The Yorkshire Dales National Park embraces fourteen major dales as well as the rolling backs of the Howgills, the Orton Fells, and the Lune Valley. As you pass through the national park you’ll feel a different character in each dale, with its river and tributary streams, farms, stone-built villages and woodlands.
The National Park extends for 2,179 square km (841 square miles) and in this vast space harbours 1090 farms. These farms are integral to the fabric of the land and have shaped its appearance over hundreds of years in a gradual process of woodland clearance and the establishment of fields.
The upland sheep in these dales are key in the nationwide trade in lamb, principally the Swaledales which, when crossed with Bluefaced Leicesters, produce the Mules that are sent further south. Today, the Dales landscape is largely manicured by sheep, but there is a gradual increase in the number of cattle on the hills, including native breeds such as Belted Galloway. Their grazing habits allow for more diversity in flowers and grasses, and also provide a greater chance for natural regeneration of trees. Thus the landscape, which is already varied depending on its historical use, continues to respond differently in different locations, as a reflection of the practices on individual farms. This project aims to collect farmers’ views about their own practices, their livestock and the land they work with day after day, in all weathers, in all seasons.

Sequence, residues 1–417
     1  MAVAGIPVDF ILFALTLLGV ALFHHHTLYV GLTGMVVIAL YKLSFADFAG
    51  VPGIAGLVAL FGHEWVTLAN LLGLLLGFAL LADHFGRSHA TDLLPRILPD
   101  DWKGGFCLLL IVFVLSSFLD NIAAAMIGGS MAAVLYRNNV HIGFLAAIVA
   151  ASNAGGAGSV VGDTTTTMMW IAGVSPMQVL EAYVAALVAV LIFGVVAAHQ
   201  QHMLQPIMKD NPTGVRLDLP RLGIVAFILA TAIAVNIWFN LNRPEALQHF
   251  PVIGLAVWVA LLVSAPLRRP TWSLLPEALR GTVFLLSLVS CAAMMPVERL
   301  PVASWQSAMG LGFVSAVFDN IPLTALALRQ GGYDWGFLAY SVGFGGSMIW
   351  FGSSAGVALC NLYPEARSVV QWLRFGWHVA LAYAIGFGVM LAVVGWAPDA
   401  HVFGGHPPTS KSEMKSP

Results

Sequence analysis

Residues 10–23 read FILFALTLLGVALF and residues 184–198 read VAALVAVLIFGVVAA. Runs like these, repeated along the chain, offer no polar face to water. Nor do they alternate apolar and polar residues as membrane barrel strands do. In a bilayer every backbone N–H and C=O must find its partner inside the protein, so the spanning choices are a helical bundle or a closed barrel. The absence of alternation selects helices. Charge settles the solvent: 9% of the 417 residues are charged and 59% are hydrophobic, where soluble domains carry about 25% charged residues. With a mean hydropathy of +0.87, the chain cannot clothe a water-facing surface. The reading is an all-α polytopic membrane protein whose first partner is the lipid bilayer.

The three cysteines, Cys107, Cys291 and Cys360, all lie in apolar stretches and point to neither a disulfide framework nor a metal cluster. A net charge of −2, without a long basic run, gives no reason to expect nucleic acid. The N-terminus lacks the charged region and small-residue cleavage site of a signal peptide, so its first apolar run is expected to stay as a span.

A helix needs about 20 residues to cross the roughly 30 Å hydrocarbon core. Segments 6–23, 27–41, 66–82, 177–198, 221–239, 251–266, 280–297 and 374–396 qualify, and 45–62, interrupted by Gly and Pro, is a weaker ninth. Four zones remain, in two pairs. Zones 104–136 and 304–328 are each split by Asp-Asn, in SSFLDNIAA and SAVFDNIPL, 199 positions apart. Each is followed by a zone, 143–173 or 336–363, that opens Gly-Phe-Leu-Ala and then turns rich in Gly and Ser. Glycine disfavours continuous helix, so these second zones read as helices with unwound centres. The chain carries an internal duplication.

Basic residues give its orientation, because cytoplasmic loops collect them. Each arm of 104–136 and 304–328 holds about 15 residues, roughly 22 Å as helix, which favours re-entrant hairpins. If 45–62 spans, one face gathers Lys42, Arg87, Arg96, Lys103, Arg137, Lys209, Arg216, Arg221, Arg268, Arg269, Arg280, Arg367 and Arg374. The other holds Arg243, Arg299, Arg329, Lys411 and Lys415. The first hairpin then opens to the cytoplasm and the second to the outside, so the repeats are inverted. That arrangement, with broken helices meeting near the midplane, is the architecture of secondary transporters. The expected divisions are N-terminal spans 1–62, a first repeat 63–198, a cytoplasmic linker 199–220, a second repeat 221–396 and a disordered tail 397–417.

One of the most distinctive built features of this farmed landscape is the network of walls: an estimated 5000km in the National Park, each made by hand. Well built walls may stand for a hundred years but the pressures of weather and stock, and humans climbing over them, add to the need for maintenance all year round. Stones for the walls tend to be sourced locally so you will see different styles of walls as you travel through the dales and, as has been the custom for centuries here, these are dry stone walls – held up by the stones themselves, and the art and skill of farmers and wallers.
Stone barns are a cherished feature of the farmed landscape. Not all are still in use but the majority are, either for shelter for livestock, or for storage of fodder (or both). In the summer, many of the barns in the lower reaches of land are surrounded by meadows – June and July are the best times of year to catch these in full flower. Flourishing meadows are a central part of land management for many farmers. In the course of this project the interviews will help to reveal current attitudes to grazing, fertiliser use, meadowland and organic approaches to livestock management.
Many farms have rights of way across them. The Yorkshire Dales is criss-crossed by footpaths and walking is the best way to really get a feel for the land, and the way it has been shaped by farming. This project aims to capture a range of present-day views from farmers whose actions are both determined by the land around them (they must respond to conditions, ranging from fertile to poor soil and from steep-sided land to wet valley bottom fields) and affect the land: the more intensive the farming practice, the less biodiverse the landscape tends to be. We’ll be talking to a range of farmers across the dales to discover more about their livestock as well as the meadows and woodlands on their land, and their plans and hopes for the immediate future.